The objects, features and advantages of the present invention will be apparent from the following detailed description in which:
FIG. 1 illustrates a prior art flash EPROM cell.
FIG. 2 illustrates the bias configuration for a prior art flash EPROM cell.
FIGS. 3a and 3b are block diagrams illustrating the embodiment of a system which includes a flash EPROM programmed in accordance with the teachings of the present invention.
FIGS. 4 illustrates a bias configuration for one embodiment in accordance with the teachings of the present invention.
FIG. 5 illustrates the parallel programming of flash cells in accordance with the teachings of the present invention.
FIG. 6 illustrates the self-biasing of the source of flash cells in accordance with the teachings of one embodiment of the present invention.
FIG. 7 illustrates an alternative embodiment for providing self-biasing of the source of flash cells.
FIG. 8 illustrates an alternate embodiment in which a separate biased well is used to provide a negative reference potential.
FIG. 9 is a chart which illustrates the drain decreasing current with increasing applied source voltage.
FIG. 10 is a graph illustrating the effectiveness of multilevel cell programming employing the process of the present invention.
In the following description for purposes of explanation, numerous details are set forth in order to provide a thorough understanding of the present invention. However, it will be apparent to one skilled in the art that these specific details are not required in order to practice the present invention. In other instances, well known electrical structures and circuits are shown in block diagram form in order not to obscure the present invention unnecessarily.
FIG. 3a is a block diagram of an exemplary system employing the nonvolatile memory programmed in accordance with the teachings of the present invention. The computer system 300 includes a central processing unit ("CPU") 301 and a monitor 302 for visually displaying information to a computer user. A keyboard 303 allows the computer user to input data to the CPU, including data that may be subsequently stored in the memory 305. A cursor control device, such as a mouse 304 is used to control a cursor on the monitor 302. The memory 305 typically includes volatile and non-volatile memory elements. In the present embodiment, the memory includes flash EPROM 306 for non-volatile storage of data. The CPU 301 controls the programming, erasing and reading of data from the flash EPROM by the issuance of instructions and/or control signals to the flash EPROM. It will be realized that other types of systems, including personal digital assistants, digital audio systems, camera systems and the like, which utilize flash memory, may employ the teachings of the present invention.
FIG. 3b is a block diagram of a memory device including programming circuitry which performs low current programming in accordance with the teachings of the present invention. The memory device 320 stores data using non-volatile memory cells within memory array 322. In the present embodiment, memory array 322 is comprised of flash memory cells. Each cell may store charge or, in the case of a multilevel cell (MLC), discrete amounts of charges.
In the absence of a high voltage level on the memory cells (VPP) memory device 320 acts as a read only memory. The data stored at an address indicated by address lines 324 is from memory array 322 and is output to the user via data lines 326.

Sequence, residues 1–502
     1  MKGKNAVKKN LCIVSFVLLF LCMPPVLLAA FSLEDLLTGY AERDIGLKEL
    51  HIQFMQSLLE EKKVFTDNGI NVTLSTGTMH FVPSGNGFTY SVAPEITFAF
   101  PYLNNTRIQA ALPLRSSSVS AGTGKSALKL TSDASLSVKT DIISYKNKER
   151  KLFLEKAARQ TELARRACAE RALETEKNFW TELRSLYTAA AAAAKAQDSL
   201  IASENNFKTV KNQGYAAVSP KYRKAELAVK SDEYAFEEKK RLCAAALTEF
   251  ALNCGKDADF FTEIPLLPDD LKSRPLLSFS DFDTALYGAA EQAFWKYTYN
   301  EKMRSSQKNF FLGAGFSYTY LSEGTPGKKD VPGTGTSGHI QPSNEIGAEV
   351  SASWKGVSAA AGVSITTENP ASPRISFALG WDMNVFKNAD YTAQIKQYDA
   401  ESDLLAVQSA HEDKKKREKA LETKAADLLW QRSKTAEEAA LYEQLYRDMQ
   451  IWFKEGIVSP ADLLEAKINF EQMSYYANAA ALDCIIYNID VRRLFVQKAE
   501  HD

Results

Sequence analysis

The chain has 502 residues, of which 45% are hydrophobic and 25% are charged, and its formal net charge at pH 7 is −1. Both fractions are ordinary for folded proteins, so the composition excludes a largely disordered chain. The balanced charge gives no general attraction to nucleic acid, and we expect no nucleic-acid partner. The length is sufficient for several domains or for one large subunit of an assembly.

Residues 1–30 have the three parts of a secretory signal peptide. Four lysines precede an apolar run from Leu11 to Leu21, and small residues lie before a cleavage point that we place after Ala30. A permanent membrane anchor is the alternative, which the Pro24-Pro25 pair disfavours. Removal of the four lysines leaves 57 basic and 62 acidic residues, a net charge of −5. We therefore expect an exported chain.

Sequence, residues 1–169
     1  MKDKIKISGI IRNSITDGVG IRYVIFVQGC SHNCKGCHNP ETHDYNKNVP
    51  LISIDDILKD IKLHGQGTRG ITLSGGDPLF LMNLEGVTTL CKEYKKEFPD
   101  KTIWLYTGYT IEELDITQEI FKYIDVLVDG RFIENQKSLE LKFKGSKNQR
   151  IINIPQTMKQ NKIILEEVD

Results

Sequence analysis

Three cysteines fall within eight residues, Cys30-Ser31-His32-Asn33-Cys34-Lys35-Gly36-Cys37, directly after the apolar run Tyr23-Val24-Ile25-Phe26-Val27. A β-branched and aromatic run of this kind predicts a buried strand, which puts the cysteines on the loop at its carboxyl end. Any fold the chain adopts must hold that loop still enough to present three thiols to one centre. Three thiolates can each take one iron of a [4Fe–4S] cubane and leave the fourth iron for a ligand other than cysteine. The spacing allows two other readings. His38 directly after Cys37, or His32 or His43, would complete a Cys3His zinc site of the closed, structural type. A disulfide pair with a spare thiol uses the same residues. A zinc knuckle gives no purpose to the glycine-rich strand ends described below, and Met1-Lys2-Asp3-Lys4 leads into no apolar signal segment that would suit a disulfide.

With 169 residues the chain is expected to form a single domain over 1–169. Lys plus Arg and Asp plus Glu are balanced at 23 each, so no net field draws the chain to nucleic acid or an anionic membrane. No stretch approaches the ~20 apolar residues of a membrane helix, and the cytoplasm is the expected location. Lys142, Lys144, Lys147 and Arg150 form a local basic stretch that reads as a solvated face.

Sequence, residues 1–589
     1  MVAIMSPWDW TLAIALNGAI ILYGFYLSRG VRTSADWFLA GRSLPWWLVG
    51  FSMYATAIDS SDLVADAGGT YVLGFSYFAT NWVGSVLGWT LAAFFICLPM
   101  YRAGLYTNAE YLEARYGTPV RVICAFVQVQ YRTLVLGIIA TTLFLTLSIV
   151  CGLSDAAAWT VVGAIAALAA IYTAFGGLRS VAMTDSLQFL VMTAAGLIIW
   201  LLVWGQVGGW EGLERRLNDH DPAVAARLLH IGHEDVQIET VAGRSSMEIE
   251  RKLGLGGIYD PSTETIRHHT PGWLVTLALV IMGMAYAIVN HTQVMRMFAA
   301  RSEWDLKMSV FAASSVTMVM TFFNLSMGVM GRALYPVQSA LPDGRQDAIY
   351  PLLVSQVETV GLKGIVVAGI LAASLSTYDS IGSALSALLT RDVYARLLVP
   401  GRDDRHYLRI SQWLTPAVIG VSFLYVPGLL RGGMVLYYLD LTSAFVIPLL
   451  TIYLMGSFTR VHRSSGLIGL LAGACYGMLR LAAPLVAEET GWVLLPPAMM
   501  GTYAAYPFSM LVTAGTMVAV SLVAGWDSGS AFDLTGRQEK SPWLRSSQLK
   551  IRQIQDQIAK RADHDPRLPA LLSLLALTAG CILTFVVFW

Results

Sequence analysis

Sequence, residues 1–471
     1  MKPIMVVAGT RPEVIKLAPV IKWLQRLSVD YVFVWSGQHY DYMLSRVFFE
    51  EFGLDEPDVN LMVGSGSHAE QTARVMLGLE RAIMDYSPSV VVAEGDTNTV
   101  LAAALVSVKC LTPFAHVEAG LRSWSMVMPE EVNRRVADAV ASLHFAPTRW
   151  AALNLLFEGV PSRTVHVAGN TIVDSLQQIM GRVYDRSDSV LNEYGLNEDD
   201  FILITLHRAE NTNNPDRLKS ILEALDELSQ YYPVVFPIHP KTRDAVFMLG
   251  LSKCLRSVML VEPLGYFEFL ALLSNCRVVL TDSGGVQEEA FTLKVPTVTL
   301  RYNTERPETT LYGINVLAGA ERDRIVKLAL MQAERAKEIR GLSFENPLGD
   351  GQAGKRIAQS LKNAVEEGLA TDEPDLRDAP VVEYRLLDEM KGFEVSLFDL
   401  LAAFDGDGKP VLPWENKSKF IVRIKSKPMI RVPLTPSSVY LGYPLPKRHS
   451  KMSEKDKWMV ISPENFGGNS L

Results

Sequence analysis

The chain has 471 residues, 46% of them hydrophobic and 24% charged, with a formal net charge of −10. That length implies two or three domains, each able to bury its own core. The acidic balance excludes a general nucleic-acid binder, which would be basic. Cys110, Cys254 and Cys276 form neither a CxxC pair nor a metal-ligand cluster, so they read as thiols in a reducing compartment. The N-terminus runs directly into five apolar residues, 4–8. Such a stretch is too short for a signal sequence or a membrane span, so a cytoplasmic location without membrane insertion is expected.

The X decoder 328, also referred to as the row decoder, selects a row within the memory array 322 in response to address signals applied to address lines 324. Similarly, the Y or column decoder 330 selects a column in the memory array 320 in response to address signals from address lines 324. Data output from the memory array 322 is coupled to Y decoder 330 which passes the data onto sensing circuitry 332. Sensing circuitry 332 determines the state of data presented to it using reference cell array 334 and passes the results back to Y decoder 330. In the present embodiment, control engine 336 controls the erasure and programming of the memory array 322. Preferably the control engine 336 is implemented as a processor that is controlled by micro code stored in memory. However, it is readily apparent that the control engine 336 may be implemented in alternate ways, including a state machine or random logic.
The control engine 336 manages the memory array 322 via control of row decoder 328, column decoder 330, sensing circuitry 332, reference cell array 334 and voltage switch 338. The voltage switch 338 controls the various voltage levels necessary to read, program and erase the memory array 322. VCC is the device power supply, VSS represents ground and VPP is the program/erase voltage.
In the present embodiment, the user commands for erasing and programming the memory array 322 are communicated to the control engine 336 via signal lines. Preferably the commands are multiplexed across the address 324 or data 326 lines. However, separate command lines, such as output enable, write enable and chip enable may be used.
As is recognized, the programming circuitry is not intended to be limited to the control engine described above. It is readily apparent that the low current programming method and system described herein can be utilized with other types of programming circuitry including well known prior art circuitry, such as hardwired logic, state machines and programmable logic arrays.